The Point by Buyers Meeting Point
Book Review: Global Supply Chain Ecosystems
…today’s supply chains encompass complex webs of interdependencies, frequently spanning the globe, designed and deployed to optimize critical attributes – such as speed, agility, and resilience – that drive competitive advantage. (p. 11)
Global Supply Chain Ecosystems: Strategies for Competitive Advantage in a Complex World by Mark Millar provides a multi-dimensional look at supply chains. The ecosystem concept was originally used by the Financial Times to describe the increasingly complex nature of business in general. When it is applied to supply chain operations, it provides us with the idea that chains are more spherical than linear and non-consecutive.
One of the things I realized early in my reading of the book is that Millar is writing from a much different perspective than the authors we am used to hearing from. His biography lists him as a speaker, presenter, and board member. His view of supply chains in general, and their potential value contribution to the modern competitive enterprise, is more elevated.
For instance, there is no lament that supply chain leaders do not often enough have an established position at the executive table – Millar has held too many executive level roles at globally recognized companies for that to make any sense. Instead, he advocates for supply chain leaders to play a greater role in the boardroom. He also poses a compelling question about when CEOs will realize that, in fact, the supply chain IS the business. This realization will change both the influence trajectory of supply chain operations and the ability of the enterprise to adjust to changing conditions.
Marketing is positioned as a critical internal partner for supply chain, with Finance as more of a secondary concern – another break from the status quo that make me think that a view from the trenches is causing us to unknowingly pursue limited strategies.
Some things seem to be the same no matter how high your role is. Collaboration is acknowledged as a challenge, rooted in the natural human inclination to hold information close to the vest. I liked the points Millar made about visibility – something we all pursue more of - only being possible through collaboration. Because of the interconnected nature of supply chain ecosystems, visibility can only be achieved through collaboration because at this point one internal operation, no matter how robust) is like looking at a single data point.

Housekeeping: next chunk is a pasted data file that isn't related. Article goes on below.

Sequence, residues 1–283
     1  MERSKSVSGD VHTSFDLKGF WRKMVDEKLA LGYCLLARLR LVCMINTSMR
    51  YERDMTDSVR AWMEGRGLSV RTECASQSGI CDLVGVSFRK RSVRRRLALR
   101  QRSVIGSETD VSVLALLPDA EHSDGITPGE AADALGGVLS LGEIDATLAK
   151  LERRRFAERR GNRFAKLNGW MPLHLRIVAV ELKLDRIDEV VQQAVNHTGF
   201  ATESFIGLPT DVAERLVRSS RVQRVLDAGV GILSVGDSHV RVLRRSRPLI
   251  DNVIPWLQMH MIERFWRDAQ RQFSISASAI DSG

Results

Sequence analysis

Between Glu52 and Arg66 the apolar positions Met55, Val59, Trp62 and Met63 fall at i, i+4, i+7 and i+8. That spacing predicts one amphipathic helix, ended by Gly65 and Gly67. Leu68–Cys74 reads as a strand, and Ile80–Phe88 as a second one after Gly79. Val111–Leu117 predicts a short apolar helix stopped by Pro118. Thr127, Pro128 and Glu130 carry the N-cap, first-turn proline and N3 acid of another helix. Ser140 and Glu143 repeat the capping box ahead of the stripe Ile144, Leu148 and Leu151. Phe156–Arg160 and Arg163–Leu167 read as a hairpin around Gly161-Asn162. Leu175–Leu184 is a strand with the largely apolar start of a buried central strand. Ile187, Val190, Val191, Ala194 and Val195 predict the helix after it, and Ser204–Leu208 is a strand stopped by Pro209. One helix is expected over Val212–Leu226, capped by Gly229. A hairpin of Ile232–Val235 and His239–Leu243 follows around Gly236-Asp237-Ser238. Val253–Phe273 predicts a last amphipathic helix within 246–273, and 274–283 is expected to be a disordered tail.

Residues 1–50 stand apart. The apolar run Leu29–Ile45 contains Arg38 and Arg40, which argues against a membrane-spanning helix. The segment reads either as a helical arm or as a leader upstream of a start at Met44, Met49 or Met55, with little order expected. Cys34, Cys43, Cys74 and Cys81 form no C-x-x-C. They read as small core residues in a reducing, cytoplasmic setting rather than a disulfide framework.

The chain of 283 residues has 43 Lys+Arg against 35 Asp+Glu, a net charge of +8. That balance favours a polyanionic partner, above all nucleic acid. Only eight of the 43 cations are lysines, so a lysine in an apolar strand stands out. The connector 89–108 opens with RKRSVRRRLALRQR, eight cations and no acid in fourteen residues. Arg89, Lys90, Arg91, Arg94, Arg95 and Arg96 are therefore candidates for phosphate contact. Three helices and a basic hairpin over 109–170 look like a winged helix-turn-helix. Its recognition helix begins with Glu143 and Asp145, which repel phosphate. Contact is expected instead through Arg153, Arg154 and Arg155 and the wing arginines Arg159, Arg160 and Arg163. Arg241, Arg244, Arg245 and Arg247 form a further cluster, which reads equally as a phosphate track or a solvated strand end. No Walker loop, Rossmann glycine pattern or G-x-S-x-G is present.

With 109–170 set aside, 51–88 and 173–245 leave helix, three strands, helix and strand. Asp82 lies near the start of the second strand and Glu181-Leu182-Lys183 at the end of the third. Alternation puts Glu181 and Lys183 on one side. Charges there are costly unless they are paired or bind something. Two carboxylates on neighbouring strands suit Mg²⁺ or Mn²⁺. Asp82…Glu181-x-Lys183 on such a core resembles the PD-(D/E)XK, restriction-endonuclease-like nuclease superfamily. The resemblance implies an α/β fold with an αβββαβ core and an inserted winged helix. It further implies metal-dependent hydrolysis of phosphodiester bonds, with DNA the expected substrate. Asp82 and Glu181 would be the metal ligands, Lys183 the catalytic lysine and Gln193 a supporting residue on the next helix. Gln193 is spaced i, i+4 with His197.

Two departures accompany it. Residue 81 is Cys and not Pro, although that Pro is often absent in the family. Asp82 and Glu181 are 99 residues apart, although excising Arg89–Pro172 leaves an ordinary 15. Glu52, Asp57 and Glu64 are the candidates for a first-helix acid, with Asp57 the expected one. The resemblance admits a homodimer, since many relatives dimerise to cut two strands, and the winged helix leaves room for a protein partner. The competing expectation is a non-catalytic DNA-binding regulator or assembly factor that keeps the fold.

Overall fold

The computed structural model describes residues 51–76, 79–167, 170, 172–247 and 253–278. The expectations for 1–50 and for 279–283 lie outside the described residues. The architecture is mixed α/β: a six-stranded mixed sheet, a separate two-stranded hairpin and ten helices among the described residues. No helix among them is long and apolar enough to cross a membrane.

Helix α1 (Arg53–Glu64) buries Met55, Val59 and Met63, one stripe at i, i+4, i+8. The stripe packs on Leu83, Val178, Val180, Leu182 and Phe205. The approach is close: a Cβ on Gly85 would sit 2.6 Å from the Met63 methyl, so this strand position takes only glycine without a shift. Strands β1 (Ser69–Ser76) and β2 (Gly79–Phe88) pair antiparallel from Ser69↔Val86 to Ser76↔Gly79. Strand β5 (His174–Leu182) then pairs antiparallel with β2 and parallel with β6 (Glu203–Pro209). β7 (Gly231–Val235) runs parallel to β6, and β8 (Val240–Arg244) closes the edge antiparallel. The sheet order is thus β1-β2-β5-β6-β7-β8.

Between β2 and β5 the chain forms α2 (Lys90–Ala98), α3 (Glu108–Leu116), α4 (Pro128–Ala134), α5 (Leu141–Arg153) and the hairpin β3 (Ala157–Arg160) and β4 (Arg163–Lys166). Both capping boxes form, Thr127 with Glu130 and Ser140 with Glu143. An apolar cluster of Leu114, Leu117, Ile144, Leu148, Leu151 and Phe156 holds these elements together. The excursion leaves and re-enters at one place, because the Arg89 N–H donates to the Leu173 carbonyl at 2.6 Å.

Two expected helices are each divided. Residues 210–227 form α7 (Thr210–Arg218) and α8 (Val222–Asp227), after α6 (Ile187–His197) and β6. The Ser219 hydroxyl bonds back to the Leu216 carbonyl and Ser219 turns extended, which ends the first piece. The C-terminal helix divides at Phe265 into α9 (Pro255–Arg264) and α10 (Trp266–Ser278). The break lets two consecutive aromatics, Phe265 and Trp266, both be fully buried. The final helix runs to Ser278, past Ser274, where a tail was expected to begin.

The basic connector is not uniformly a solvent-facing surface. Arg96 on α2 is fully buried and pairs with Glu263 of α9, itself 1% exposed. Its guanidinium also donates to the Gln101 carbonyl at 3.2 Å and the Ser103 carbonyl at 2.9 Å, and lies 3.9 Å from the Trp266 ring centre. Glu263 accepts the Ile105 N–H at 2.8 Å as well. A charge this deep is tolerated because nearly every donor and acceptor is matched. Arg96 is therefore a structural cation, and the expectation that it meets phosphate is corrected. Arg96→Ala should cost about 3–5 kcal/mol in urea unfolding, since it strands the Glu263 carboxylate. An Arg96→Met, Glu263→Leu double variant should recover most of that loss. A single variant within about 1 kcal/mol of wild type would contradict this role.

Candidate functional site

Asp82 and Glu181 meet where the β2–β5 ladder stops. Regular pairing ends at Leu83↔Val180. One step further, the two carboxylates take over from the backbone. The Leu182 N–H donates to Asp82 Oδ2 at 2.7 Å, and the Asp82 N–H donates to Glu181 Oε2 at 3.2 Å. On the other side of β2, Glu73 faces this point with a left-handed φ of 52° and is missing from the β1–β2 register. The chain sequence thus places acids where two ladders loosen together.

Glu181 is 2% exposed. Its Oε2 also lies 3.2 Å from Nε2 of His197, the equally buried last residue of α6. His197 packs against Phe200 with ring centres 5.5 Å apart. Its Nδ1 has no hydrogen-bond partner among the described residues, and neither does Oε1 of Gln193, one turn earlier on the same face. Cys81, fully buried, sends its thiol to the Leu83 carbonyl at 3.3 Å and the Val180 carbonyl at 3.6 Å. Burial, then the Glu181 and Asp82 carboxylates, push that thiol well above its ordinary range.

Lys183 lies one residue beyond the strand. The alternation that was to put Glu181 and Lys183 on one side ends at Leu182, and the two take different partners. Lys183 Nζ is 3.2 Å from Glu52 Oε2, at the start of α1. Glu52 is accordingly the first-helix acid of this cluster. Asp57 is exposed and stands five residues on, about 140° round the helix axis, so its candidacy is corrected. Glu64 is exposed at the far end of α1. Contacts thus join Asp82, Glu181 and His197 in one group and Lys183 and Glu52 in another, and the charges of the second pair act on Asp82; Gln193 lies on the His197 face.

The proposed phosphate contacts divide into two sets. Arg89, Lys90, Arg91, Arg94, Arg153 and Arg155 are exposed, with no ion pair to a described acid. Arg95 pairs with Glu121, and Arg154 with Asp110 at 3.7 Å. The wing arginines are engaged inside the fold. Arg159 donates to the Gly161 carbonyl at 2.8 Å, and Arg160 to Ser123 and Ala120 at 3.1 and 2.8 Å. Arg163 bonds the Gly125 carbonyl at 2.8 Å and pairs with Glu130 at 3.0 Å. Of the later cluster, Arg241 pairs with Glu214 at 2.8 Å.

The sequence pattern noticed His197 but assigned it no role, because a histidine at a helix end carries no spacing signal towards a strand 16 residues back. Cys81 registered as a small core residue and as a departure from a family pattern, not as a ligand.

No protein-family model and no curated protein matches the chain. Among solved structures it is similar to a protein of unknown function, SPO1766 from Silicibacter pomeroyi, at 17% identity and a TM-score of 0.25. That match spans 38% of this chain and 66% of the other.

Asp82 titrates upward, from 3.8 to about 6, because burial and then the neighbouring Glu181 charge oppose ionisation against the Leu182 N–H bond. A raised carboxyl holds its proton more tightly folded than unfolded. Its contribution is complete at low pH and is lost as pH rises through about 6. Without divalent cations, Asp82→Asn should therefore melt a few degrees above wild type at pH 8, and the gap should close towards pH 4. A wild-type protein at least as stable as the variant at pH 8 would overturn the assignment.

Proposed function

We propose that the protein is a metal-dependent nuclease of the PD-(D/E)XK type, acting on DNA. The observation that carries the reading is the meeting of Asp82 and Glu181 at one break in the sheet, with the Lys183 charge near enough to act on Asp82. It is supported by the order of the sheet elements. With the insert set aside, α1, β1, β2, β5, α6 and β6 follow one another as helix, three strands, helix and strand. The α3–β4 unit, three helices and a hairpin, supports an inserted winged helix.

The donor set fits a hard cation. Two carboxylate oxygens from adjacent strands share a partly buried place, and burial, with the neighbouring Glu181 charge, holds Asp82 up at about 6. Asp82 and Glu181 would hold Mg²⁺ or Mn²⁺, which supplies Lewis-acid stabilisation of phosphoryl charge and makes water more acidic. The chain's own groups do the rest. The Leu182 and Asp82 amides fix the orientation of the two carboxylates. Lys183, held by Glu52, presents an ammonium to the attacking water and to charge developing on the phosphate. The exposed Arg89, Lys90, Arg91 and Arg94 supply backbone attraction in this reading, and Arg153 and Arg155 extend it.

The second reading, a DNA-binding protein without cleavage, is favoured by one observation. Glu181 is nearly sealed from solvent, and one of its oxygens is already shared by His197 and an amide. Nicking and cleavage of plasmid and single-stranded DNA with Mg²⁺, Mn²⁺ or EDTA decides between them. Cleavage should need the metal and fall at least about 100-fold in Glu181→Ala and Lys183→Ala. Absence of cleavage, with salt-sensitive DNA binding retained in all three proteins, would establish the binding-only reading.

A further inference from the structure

The requisite topics of risk (which is related to but not synonymous with vulnerability) and talent (where challenges exist in both developed and undeveloped economies) both make an appearance. More compelling is Millar’s discussion of trade agreements, both new and proposed, and how they can be anticipated to affect business strategy. Compliance with these agreements must be pursued at multiple tiers of the chain, especially in more heavily regulated industries.
Looking forward to a future of supply chain innovation, infrastructure investments are key, requiring public and private sector entities to work closely together (note: this is the second supply chain title in as many weeks that I have read this idea in. The blurring of the line between the two sectors is something to watch). Warehouse robotics, 3D printing, drones, and omni-channel supply chains (something you are actually familiar with even if you don’t know the term) are all being explored by thought leaders for their potential contributions to competitive advantage.
The book is light on in-text citations, especially around numbers and statistics, something that only research wonks like me probably care about. I would think of reading this book like getting the opportunity to pick the brain of someone well beyond your pay grade over lunch. Millar is open about his ideas, most of which push us to set our goals higher than many of us think is possible. You just have to be prepared to overcome some of your fears to accomplish them.